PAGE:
Uncle Sam billboard Mouraux and Jean-Pierre Mouraux. Who Was "Uncle Sam": Illustrated Story o
United States Department of Agriculture
The United States Department of Agriculture known as the Agriculture Department, is the U. S. federal executive department responsible for developing and executing federal laws related to farming and food. It aims to meet the needs of farmers and ranchers, promote agricultural trade and production, work to assure food safety, protect natural resources, foster rural communities and end hunger in the United States and internationally. 80% of the USDA's $141 billion budget goes to the Food and Nutrition Service program. The largest component of the FNS budget is the Supplemental Nutrition Assistance Program, the cornerstone of USDA's nutrition assistance; the current Secretary of Agriculture is Sonny Perdue. Many of the programs concerned with the distribution of food and nutrition to people of America and providing nourishment as well as nutrition education to those in need are run and operated under the USDA Food and Nutrition Service. Activities in this program include the Supplemental Nutrition Assistance Program, which provides healthy food to over 40 million low-income and homeless people each month.
USDA is a member of the United States Interagency Council on Homelessness, where it is committed to working with other agencies to ensure these mainstream benefits are accessed by those experiencing homelessness. The USDA is concerned with assisting farmers and food producers with the sale of crops and food on both the domestic and world markets, it plays a role in overseas aid programs by providing surplus foods to developing countries. This aid can go through USAID, foreign governments, international bodies such as World Food Program, or approved nonprofits; the Agricultural Act of 1949, section 416 and Agricultural Trade Development and Assistance Act of 1954 known as Food for Peace, provides the legal basis of such actions. The USDA is a partner of the World Cocoa Foundation. Early in its history, the economy of the United States was agrarian. Officials in the federal government had long sought new and improved varieties of seeds and animals for import into the United States. In 1837 Henry Leavitt Ellsworth, a Yale-educated attorney interested in improving agriculture, became Commissioner of Patents, a position within the Department of State.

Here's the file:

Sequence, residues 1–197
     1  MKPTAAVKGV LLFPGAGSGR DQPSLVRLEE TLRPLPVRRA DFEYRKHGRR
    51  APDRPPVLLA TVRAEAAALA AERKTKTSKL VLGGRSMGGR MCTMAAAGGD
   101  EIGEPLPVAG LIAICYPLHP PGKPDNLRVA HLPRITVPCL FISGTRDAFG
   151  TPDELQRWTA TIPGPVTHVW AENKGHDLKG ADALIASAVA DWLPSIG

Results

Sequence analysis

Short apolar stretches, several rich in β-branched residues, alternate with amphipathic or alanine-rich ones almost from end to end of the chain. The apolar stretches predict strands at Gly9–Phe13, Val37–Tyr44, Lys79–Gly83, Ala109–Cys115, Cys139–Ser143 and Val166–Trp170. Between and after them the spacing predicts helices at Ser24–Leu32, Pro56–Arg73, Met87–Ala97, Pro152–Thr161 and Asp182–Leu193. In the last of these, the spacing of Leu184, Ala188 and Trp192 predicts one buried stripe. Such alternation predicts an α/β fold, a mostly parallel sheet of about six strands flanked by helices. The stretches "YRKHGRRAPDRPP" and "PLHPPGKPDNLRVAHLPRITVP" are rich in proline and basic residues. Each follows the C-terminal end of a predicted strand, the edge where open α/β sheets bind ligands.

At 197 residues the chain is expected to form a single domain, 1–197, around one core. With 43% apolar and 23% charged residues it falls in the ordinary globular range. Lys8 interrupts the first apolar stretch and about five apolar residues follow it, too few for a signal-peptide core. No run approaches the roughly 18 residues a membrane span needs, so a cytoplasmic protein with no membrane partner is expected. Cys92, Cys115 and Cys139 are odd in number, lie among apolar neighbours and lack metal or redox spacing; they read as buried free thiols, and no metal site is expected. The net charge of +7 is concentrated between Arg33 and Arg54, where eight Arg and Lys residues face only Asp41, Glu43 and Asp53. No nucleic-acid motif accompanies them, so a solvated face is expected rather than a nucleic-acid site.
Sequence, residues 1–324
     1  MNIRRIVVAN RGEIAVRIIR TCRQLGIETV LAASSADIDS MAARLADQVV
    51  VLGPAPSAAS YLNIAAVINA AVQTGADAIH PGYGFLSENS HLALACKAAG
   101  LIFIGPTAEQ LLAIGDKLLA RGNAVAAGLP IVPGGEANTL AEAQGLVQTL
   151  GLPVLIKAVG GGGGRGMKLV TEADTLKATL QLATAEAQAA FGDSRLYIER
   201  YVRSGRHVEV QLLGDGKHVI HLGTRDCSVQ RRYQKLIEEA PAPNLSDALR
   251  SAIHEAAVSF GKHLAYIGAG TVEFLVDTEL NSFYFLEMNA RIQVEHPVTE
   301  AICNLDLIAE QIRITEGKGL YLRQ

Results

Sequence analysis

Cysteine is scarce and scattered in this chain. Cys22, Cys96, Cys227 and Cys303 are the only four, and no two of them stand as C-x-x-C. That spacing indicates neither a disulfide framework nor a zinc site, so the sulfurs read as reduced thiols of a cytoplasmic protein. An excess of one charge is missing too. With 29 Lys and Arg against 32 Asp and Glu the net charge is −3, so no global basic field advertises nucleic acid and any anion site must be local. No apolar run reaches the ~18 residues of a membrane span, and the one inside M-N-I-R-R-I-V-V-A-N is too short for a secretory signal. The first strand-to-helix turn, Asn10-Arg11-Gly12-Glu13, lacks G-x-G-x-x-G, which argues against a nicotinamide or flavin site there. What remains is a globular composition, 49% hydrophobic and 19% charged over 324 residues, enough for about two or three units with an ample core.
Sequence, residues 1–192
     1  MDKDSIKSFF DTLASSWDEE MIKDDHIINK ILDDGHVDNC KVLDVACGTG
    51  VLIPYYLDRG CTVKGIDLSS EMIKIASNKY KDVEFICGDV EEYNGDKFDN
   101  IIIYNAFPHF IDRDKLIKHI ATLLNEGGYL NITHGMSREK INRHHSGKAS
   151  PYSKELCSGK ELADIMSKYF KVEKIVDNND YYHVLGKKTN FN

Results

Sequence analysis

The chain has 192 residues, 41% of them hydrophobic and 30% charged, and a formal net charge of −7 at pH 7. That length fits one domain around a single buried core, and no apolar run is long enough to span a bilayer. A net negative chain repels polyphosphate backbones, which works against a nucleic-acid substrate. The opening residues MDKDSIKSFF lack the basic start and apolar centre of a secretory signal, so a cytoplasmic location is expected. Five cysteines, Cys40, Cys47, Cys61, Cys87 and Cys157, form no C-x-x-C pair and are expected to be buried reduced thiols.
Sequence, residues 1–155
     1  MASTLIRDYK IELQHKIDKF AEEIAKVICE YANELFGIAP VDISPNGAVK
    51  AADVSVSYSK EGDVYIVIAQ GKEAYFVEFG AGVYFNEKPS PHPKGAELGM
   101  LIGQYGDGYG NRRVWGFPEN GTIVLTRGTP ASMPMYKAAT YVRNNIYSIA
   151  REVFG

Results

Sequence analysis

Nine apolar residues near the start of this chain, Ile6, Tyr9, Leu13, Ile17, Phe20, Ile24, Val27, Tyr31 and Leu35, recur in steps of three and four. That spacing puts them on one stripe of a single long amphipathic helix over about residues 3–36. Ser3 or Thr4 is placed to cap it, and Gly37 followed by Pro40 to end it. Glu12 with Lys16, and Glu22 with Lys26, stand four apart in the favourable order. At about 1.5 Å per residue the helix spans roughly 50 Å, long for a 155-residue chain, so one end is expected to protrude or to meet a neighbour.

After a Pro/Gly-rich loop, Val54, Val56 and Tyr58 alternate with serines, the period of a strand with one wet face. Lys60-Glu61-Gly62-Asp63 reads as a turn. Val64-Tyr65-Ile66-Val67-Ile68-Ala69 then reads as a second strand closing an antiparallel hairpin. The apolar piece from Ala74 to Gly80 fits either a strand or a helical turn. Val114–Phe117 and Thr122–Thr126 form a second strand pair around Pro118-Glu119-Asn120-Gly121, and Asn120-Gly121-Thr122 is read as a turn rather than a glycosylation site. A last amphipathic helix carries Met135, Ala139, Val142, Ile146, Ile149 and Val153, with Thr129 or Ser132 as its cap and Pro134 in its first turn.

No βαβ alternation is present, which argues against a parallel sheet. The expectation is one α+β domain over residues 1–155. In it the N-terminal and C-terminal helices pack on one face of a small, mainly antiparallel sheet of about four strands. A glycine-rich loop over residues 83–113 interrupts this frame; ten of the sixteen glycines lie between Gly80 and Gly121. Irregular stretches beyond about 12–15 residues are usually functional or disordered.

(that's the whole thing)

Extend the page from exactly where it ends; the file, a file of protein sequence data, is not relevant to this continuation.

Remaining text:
He began collecting and distributing new varieties of seeds and plants through members of the Congress and agricultural societies. In 1839, Congress established the Agricultural Division within the Patent Office and allotted $1,000 for "the collection of agricultural statistics and other agricultural purposes." Ellsworth's interest in aiding agriculture was evident in his annual reports that called for a public depository to preserve and distribute the new seeds and plants, a clerk to collect agricultural statistics, statewide reports about crops in different regions, the application of chemistry to agriculture. Ellsworth was called the "Father of the Department of Agriculture."In 1849, the Patent Office was transferred to the newly created Department of the Interior. In the ensuing years, agitation for a separate bureau of agriculture within the department or a separate department devoted to agriculture kept recurring. On May 15, 1862, Abraham Lincoln established the independent Department of Agriculture to be headed by a commissioner without Cabinet status, the agriculturalist Isaac Newton was appointed to be the first such commissioner.
Lincoln called it the "people's department." In 1868, the Department moved into the new Department of Agriculture Building in Washington, D. C. designed by famed DC architect Adolf Cluss. Located on Reservation No.2 on the National Mall between 12th Street and 14th SW, the Department had offices for its staff and the entire width of the Mall up to B Street NW to plant and experiment with plants. In the 1880s, varied advocacy groups were lobbying for Cabinet representation. Business interests sought a Department of Commerce and Industry, farmers tried to raise the Department of Agriculture to Cabinet rank. In 1887, the House of Representatives and Senate passed bills giving Cabinet status to the Department of Agriculture and Labor, but the bill was defeated in conference committee after farm interests objected to the addition of labor. On February 9, 1889, President Grover Cleveland signed a bill into law elevating the Department of Agriculture to Cabinet level. In 1887, the Hatch Act provided for the federal funding of agricultural experiment stations in each state.
The Smith-Lever Act of 1914 funded cooperative extension services in each state to teach agriculture, home economics, other subjects to the public. With these and similar provisions, the USDA reached out to every county of every state. During the Great Depression, farming remained a common way of life for millions of Americans; the Department of Agriculture's Bureau of Home Economics, established in 1923, published shopping advice and recipes to stretch family budgets and make food go farther. USDA helped ensure that food continued to be produced and distributed to those who needed it, assisted with loans for small landowners, contributed to the education of the rural youth, it was revealed on August 27th, 2018 that the U. S. Department of Agriculture would be providing U. S. farmers with a farm aid package, which will total $4.7 billion in direct payments to American farmers. This package is meant to offset the losses farmers are expected to incur from retaliatory tariffs placed on American exports during the Trump tariffs.